Promoted to the front page from the FanPosts by Luke Thomas.
For those who have not read Danny Acosta’s well researched article on The Ultimate Fighter (TUF), or Cannon Jacques’ follow-up commentary, I highly recommend both. At the heart of Acosta’s thesis lies the question, “Since ‘The Ultimate Fighter’ has entrenched itself as an institution, producers must decide what course it takes. Is it a factory for future champions like (Forrest) Griffin, or is it a haven for the kind of drunken, juvenile behavior (Junie) Browning exhibited?” As TUF’s ongoing trajectory illustrates, TUF producers appear to be searching for the latter.
Much has been written about the availability of alcohol on the show and its contributions to excessively immature behavior. As early as TUF’s first installment, we saw alcohol intensify conflicts between Chris Leben and Josh Koscheck & Bobby Southworth. In additional TUF 1 episodes, other participants were shown getting sloppy drunk and engaging in expectable behaviors. Since the TUF 1 experiment, alcohol’s availability has never appeared to diminish, suggesting that athletic development is not one of TUF’s primary objectives.
An institution trying to prove itself as a legitimate sport and deserving of mainstream sporting status would not normally market itself as one that facilitates its athletes in getting drunk, often times dangerously drunk. Not only is TUF a platform for the UFC used to hype future fight cards, but the UFC also heralds TUF as a building block for its athletic pool. True, other professional sports leagues have problems with athletes and alcohol consumption (among other things), but we do not see other accepted professional sports in our society assisting so overtly in athletes' alcohol consumption over healthy lifestyles.
If in fact the UFC wants MMA to be accepted as sport, it would push its future athletes to behave in ways that build athleticism and create an environment conducive to athletic excellence. Instead, the UFC and TUF producers appear to view juvenile behavior, dangerous behavior, and that behavior’s attendant ratings as paramount over the portrayal of MMA as a legitimate sport.
Furthermore, while alcohol’s accessibility is a central and severe problem with TUF, an attendant problem is the way conflict is formally structured into the reality show. Here I am not necessarily referring to the use of two opposing teams whose individual members compete from episode to episode. Those familiar with MMA training know that reliance on supportive teammates is crucial for serious mixed martial artists. Rather, I am referring to the way rivalries are constructed into seasons and the lack of mentorship/guidelines coaches could provide regarding appropriate behavior for an aspiring professional athlete.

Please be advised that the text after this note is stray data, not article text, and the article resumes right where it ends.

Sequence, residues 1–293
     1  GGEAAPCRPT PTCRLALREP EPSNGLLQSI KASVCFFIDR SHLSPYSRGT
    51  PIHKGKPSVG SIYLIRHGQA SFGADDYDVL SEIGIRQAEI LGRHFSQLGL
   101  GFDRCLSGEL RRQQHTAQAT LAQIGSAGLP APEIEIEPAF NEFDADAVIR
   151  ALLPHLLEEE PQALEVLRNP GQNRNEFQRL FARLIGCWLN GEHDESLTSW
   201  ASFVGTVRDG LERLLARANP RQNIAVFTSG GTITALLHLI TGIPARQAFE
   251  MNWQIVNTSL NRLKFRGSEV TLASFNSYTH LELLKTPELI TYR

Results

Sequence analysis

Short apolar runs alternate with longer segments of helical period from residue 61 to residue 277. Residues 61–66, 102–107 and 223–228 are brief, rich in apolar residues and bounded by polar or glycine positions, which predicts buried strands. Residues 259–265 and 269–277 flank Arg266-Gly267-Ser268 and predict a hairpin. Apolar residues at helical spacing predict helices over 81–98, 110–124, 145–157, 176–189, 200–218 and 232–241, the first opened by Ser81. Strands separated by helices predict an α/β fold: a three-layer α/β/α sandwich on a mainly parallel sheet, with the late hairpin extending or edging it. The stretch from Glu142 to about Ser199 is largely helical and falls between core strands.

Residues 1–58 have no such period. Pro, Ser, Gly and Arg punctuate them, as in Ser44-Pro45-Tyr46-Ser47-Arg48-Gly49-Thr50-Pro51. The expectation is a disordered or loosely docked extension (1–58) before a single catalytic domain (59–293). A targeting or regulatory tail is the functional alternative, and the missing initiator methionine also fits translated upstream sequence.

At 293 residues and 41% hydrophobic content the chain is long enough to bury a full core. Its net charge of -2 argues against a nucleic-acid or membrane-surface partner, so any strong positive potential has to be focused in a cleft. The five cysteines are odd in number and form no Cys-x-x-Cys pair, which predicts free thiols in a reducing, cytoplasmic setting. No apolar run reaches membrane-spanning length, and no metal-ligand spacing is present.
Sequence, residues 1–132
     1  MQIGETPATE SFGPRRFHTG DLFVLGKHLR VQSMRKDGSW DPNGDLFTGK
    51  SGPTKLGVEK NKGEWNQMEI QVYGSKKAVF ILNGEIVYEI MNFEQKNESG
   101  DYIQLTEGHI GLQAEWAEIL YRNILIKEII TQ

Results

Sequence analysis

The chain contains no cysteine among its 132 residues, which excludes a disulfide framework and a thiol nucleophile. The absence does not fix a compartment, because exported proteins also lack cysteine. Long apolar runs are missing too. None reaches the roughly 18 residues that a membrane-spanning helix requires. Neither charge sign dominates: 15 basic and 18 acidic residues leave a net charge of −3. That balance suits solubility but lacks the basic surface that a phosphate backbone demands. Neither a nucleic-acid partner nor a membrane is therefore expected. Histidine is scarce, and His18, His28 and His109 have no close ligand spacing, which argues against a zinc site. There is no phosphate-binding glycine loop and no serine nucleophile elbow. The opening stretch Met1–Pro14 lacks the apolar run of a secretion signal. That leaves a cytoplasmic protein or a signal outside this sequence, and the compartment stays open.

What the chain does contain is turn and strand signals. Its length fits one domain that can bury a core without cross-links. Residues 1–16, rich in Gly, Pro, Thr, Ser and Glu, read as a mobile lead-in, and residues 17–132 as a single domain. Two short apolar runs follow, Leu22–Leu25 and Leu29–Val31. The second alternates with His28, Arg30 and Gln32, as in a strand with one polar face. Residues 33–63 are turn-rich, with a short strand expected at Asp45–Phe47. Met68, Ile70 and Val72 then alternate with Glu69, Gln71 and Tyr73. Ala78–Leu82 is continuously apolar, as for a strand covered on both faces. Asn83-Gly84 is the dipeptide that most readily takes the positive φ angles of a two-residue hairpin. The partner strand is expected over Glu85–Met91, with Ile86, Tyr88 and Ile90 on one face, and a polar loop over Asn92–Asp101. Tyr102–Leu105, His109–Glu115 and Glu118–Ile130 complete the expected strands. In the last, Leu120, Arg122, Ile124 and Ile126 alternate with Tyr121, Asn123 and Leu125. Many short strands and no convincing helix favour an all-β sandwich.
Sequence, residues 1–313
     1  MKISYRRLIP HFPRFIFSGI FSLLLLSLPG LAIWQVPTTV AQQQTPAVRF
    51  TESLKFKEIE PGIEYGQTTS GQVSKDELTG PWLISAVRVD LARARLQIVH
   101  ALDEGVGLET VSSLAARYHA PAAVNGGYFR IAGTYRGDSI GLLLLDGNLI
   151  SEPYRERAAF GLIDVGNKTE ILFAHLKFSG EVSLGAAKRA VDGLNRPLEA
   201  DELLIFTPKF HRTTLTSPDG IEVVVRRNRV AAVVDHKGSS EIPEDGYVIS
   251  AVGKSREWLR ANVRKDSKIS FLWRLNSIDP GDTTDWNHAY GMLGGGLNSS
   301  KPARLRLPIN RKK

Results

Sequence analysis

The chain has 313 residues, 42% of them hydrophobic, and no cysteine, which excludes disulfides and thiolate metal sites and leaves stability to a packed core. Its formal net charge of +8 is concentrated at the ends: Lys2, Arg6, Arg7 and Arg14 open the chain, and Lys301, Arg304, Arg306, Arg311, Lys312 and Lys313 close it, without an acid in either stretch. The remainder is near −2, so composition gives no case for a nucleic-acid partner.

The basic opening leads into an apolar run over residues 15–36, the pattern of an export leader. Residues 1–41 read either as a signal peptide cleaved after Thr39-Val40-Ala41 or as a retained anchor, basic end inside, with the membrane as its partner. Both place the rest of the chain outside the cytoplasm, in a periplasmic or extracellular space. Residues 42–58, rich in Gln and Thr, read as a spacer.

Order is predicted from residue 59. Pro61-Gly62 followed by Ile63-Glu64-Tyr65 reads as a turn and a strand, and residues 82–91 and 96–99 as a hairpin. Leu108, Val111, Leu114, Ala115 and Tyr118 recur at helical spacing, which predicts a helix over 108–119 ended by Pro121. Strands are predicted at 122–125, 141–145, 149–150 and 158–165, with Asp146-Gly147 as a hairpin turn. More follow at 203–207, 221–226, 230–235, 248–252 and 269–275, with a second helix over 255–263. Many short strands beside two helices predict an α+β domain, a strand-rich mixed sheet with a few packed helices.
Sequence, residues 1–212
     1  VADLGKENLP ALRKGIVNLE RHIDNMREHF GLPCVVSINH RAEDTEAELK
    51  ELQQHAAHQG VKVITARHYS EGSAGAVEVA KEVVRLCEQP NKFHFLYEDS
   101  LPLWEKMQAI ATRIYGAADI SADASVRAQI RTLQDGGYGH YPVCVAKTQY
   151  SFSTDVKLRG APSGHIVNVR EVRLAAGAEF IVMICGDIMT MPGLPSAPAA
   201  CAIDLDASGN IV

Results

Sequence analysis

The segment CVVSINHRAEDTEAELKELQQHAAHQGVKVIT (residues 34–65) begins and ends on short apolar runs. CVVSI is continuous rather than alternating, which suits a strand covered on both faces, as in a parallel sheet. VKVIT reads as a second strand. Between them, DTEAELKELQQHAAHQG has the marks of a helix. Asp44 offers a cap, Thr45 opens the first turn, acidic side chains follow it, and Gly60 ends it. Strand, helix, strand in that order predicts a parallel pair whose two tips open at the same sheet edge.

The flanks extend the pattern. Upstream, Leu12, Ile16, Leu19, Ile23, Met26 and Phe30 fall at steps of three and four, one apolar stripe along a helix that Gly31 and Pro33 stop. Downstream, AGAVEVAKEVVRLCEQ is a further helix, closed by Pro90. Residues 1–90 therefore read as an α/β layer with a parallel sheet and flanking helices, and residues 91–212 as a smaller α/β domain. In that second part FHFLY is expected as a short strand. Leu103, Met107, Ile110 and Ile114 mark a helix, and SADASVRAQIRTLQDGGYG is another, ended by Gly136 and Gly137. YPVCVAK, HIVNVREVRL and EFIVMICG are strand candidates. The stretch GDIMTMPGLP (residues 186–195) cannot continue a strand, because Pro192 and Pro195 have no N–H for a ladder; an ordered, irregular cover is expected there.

Of the eight seasons aired to date, five have had coaches who were slated to subsequently fight each other. Not surprisingly in some of these seasons, the coaches were bitter rivals (Shamrock-Ortiz; Hughes-Serra; Penn-Pulver), and their coaching animosity was vividly evident in multiple episodes. In fact, the coaching conflicts appear to be a bigger focus of the TUF shows than coaches’ guidance in or out of sport. Moreover, with the exception of TUF 4 (The Comeback), a majority of the contestants are not mature men. They are young men, many of whom clearly need guidance beyond simply learning MMA fighting techniques. In turn, viewers witness the ramifications – a hodgepodge of degenerate actions that resemble anything but sport.
Despite TUF’s controversy being hashed out repeatedly over the blogosphere, one cannot help but wonder what lies ahead. In addition to a poor precedent being set with Junie Browning’s behaviors rewarded, Season 9 will have the winner of Dan Henderson versus Rich Franklin coach a U.S. team against Michael Bisping’s team of fighters from the United Kingdom. Thus, on top of having coaches on board who will fight each other (albeit who hold no known animosity), the opposing teams will represent different countries, thereby constructing a nationally-based rivalry. Clearly, Spike TV’s TUF producers are looking for ways to embed more conflict into the series, which compound with alcohol’s accessibility can only result in MMA being depicted at best as a fringe sport with marginal legitimacy. What alcohol laden conflictual arrangement will they think of next?
In the end, the UFC’s trademark outreach tool may entice certain viewers and build the organization’s popularity among a tremendously narrow demographic. However, TUF’s production strategies are more regressive than progressive when it comes to mainstreaming MMA, legitimizing MMA’s sporting status, and capturing a broader fan base that could help the sport thrive during these ominous economic times.
David Mayeda, PhD, is lead author of Fighting for Acceptance: Mixed Martial Artists and Violence in American Society